The system of sounds and symbols that we now associate with Reiki originated in Tibet. In 1922, following a transformative spiritual experience, Japanese educator Dr. Mikao Usui rediscovered Reiki and gave it its modern name. “Rei” means “spirit” or “divine,” and “ki” is “life force energy” or “consciousness.””Ki” equates to the Chinese “chi” or “qi”, as in qigong, the ancient Chinese meditation and martial arts system still practiced by millions of Chinese today. Acupuncture and Reiki both regulate the flow of ki/qi/chi in the body to create or restore balance, harmony and health.
Where the Cousins Differ
One discrepancy is in patient involvement. In Reiki, the power to heal resides more fully with the client than with the practitioner. Whether a healing session takes place in person or over a distance, the individual actively participates in the healing process by drawing down the universal Source energy that is needed for healing.
In acupuncture, the client is more of a passive recipient, lying quietly on the treatment table as sterile needles are inserted into points of energy stagnation, with the potential addition of moxibustion (which warms the body to stimulate the flow of chi). The acupuncturist may also prescribe herbs in the form of pills or tea, to be taken in conjunction with a series of acupuncture treatments.
Second, because energy has a different relationship with time and space, Reiki healing can be practiced from afar. It would be difficult to insert acupuncture needles without the client’s physical body being present.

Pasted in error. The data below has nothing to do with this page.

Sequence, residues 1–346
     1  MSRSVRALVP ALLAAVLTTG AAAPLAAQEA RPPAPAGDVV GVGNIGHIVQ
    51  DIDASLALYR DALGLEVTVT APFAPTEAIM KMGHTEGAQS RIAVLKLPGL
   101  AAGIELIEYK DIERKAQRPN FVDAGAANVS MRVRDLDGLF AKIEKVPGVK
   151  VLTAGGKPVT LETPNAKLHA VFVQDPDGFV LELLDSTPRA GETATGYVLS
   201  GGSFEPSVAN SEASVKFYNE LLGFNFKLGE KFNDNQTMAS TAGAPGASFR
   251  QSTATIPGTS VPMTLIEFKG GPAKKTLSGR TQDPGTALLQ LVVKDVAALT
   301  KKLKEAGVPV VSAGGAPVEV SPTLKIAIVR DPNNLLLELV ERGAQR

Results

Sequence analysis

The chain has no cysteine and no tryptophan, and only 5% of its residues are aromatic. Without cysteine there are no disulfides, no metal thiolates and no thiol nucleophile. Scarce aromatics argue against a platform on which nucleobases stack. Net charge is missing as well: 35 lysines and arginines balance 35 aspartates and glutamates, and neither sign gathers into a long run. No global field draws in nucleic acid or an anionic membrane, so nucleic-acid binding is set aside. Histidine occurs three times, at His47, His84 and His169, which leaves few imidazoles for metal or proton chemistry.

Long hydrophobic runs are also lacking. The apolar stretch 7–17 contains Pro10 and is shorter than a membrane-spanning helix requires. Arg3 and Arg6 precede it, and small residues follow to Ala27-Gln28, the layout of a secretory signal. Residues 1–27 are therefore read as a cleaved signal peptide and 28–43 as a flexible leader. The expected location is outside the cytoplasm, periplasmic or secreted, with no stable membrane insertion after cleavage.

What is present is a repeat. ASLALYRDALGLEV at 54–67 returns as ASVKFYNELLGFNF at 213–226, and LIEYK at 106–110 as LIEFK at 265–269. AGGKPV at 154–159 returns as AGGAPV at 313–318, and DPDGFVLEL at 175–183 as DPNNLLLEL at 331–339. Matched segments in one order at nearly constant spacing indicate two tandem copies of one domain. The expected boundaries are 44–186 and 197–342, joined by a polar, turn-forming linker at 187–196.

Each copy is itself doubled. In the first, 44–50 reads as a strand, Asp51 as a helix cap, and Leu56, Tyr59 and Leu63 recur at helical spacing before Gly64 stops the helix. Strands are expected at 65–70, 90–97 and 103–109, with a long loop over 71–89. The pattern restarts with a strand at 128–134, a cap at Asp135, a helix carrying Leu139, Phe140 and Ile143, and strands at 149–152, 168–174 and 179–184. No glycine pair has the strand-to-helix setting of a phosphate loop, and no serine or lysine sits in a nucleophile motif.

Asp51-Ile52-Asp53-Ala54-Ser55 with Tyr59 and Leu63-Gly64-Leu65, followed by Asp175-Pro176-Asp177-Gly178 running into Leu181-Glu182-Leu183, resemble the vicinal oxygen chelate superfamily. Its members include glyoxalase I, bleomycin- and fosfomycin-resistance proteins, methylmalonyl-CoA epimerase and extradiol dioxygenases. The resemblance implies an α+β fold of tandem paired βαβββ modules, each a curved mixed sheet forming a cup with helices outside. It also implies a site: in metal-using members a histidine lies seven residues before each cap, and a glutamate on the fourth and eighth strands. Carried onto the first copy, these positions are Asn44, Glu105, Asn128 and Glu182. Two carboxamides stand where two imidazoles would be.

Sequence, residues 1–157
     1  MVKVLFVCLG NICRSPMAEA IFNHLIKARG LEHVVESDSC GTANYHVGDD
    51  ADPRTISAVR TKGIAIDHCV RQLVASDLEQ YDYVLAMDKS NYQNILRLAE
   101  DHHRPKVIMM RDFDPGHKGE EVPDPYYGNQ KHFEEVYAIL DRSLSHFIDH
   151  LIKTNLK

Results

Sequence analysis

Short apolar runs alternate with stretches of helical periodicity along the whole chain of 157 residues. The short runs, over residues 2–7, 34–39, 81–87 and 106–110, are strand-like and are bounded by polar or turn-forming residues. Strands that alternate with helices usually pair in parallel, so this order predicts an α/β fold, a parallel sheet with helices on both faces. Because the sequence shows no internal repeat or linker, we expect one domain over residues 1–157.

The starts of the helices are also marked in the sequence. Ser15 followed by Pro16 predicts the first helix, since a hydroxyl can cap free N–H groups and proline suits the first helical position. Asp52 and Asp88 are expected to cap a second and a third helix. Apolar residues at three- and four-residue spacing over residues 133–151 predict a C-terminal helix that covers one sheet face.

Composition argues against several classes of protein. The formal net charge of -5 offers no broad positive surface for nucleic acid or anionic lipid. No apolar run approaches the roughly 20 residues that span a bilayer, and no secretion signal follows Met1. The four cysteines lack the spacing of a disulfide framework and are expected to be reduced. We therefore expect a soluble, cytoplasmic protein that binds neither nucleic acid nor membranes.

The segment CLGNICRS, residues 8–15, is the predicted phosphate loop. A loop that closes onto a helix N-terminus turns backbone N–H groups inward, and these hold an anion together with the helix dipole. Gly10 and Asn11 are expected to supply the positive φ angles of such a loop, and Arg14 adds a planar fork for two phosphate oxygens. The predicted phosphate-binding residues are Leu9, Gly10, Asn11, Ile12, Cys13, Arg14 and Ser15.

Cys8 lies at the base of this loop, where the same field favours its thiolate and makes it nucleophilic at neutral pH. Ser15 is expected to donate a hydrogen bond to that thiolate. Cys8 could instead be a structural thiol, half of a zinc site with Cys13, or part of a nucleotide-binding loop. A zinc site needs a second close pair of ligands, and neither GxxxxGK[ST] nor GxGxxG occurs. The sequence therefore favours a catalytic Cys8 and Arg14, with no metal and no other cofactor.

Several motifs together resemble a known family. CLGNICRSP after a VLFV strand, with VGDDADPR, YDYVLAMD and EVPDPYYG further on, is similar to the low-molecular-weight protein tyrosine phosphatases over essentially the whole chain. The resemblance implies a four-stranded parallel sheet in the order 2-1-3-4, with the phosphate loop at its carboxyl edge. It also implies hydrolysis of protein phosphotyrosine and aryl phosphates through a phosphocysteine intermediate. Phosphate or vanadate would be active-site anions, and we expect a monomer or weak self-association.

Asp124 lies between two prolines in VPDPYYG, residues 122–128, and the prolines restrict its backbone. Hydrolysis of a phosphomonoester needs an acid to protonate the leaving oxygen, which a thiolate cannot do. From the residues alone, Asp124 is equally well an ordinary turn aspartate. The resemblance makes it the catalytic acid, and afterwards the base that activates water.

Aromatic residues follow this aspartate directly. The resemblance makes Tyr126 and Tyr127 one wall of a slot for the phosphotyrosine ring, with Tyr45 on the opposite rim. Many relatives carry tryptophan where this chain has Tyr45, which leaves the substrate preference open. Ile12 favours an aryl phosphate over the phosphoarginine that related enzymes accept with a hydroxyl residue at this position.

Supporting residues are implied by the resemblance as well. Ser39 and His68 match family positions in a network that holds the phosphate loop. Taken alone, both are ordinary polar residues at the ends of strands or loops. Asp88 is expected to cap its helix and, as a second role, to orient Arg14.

Health Benefits of Reiki and Acupuncture
Whether a patient chooses Reiki attunements, acupuncture treatments, or both modalities, there are myriad physical, mental, emotional and spiritual conditions that can benefit from these non-invasive healing practices. This is because they address root causes, rather than just ameliorating symptoms.
While by no means a comprehensive list, both Reiki and acupuncture may help with:
- Stress reduction
- Headaches and migraines
- Pain reduction, management or elimination
- Grief and trauma
- Improving immunity
- Digestive problems
- Allergies and asthma
- Gynecological issues (e.g. PMS, menopause, infertility)
- Reduction of prescription drug side effects
- Relaxation pre- and post surgery
- Living with chronic conditions
- Mental, emotional, and spiritual healing
Reiki can support acupuncture much as relatives support one another in a loving family. For example, an acupuncturist can use Reiki to create greater attunement with patients in order to help them relax before acupuncture sessions, or to provide distance healing (especially useful after surgery). For more intractable health issues, this rapport may yield more effective results than either modality on its own.
Although we can’t say for certain what Einstein would have opined about Reiki or acupuncture, we like to think he would have approved.
**This article appeared in The Reiki Times, the official magazine of the International Association of Reiki Professionals.